Cover Story: The Dark Wall

Most people take one look at a tornado -- a whirling vortex of power capable of obliterating everything in its path -- and run the other way, but most people aren't storm chasers.

It takes a certain kind of person, a specific hunger, to make someone want to find the worst weather possible, the epitome of a bad situation, and go set yourself in the middle of it and hope the sky spits out a twister. Storm chasers risk everything to get in that spot and be eyewitnesses to some of the worst that nature can deal out.

Sometimes they live. Sometimes they don't.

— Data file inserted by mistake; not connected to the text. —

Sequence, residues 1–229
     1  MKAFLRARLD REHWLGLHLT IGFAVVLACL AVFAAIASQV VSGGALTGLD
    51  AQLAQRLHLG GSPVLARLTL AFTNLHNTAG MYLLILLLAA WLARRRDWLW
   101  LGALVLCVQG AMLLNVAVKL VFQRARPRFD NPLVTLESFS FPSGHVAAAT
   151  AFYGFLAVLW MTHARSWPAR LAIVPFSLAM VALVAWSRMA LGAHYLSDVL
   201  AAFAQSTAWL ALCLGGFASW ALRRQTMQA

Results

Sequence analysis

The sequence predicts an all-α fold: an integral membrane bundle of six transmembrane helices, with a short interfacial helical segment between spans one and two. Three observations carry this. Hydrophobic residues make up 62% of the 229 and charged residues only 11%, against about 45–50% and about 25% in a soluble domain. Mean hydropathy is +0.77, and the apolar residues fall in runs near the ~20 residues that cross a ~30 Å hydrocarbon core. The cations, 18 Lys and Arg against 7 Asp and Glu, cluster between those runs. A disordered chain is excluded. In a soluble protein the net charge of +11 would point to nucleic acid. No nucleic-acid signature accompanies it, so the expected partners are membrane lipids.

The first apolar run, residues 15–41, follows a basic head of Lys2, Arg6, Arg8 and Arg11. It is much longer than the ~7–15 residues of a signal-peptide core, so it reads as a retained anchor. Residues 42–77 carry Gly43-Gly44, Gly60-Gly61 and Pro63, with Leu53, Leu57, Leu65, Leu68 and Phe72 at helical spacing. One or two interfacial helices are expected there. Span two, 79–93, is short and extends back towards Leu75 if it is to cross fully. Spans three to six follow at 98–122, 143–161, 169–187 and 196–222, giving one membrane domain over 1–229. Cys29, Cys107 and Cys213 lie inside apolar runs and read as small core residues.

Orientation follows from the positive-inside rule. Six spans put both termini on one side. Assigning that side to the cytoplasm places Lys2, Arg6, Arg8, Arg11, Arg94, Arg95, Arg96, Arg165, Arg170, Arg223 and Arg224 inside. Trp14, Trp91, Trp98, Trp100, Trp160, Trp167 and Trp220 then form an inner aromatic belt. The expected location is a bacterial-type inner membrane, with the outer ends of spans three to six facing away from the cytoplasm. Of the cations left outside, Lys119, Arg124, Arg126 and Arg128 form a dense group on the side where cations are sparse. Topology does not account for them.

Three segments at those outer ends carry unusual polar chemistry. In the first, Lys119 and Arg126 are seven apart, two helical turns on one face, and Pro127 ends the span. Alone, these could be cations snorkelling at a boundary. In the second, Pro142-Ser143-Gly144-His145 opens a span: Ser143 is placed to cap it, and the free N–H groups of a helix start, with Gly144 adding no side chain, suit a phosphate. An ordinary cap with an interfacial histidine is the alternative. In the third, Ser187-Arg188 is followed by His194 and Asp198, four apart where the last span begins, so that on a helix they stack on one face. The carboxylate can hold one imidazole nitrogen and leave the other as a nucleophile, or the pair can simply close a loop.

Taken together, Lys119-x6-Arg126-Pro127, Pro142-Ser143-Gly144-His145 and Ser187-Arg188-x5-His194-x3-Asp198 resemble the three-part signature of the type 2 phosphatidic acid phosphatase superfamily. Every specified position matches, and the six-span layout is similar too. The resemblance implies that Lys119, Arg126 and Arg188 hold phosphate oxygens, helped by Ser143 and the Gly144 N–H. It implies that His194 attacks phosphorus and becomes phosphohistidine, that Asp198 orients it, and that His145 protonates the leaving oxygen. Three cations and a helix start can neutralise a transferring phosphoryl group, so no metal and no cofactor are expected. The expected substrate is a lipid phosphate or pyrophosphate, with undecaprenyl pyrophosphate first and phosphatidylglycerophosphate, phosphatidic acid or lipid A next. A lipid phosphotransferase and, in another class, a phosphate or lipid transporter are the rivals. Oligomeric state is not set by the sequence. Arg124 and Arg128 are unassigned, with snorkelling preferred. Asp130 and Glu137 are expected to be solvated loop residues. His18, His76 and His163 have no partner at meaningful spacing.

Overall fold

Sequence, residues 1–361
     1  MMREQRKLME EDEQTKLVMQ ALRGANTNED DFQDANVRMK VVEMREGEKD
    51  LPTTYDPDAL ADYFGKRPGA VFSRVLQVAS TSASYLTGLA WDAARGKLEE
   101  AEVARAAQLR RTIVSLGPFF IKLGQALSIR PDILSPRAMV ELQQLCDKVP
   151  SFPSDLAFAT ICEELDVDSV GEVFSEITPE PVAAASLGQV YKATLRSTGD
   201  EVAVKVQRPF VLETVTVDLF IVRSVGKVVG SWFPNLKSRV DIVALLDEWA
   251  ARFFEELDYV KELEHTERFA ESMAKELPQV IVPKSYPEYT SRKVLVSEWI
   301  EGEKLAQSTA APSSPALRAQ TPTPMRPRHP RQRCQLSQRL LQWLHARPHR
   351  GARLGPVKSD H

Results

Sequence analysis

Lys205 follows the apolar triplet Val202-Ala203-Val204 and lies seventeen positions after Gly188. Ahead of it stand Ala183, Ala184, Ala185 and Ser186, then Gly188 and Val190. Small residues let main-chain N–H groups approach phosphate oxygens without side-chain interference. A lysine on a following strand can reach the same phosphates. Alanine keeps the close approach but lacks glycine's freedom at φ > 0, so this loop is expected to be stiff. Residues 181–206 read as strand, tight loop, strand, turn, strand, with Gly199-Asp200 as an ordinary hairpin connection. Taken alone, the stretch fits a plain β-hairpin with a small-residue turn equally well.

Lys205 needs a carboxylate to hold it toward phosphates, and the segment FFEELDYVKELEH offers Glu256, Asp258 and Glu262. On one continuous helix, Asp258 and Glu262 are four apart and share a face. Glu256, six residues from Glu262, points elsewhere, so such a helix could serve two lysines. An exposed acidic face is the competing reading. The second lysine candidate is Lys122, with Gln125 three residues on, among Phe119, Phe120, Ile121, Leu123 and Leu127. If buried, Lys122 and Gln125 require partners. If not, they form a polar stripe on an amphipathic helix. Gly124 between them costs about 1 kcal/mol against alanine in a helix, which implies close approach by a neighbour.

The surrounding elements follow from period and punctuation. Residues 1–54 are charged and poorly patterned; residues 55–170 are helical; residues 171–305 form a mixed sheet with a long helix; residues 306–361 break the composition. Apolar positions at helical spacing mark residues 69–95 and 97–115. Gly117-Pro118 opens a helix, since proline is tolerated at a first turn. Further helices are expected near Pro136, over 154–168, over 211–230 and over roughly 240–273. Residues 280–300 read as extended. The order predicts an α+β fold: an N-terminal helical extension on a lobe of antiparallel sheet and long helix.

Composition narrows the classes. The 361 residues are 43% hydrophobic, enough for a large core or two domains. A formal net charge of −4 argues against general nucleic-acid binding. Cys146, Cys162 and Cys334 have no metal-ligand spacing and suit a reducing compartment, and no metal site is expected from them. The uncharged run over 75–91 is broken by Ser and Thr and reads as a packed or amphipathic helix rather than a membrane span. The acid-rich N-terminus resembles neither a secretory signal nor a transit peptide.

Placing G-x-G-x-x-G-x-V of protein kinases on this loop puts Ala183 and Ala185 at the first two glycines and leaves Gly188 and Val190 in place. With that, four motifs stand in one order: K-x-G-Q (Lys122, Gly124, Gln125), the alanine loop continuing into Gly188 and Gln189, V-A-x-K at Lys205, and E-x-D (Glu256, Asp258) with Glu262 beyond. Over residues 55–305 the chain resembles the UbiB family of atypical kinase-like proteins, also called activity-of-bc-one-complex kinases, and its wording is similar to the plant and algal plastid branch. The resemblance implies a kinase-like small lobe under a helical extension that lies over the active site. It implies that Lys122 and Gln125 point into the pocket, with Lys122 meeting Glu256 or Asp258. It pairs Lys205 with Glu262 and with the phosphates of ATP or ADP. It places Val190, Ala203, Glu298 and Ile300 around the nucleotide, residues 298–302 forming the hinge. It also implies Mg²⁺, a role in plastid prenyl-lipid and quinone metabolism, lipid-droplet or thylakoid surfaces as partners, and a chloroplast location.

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On May 31, storm chasers gathered near El Reno, Oklahoma as the clouds gathered overhead.

Hank Schyma, a storm chaser and front man of Houston's Southern Backtones, was there. He saw the massive funnel cloud descend and he watched as other chasers hurled themselves into the storm.

Schyma chose to stay along the tornado's edge, filming as he drove alongside it. The tornado was huge, more than two miles wide, and he could see why the other chasers were drawn to it, why they kept chasing.

"It's like the whole world is bending toward you, and there's this energy and there are these monsters and they're moving and alive, and you're just so intrigued," Schyma said. "And as they're moving toward you, you think, 'I'm going to die.'"

After the storm had passed, three famed storm chasers from Dallas would be among the dead, as recounted in this week's cover story.

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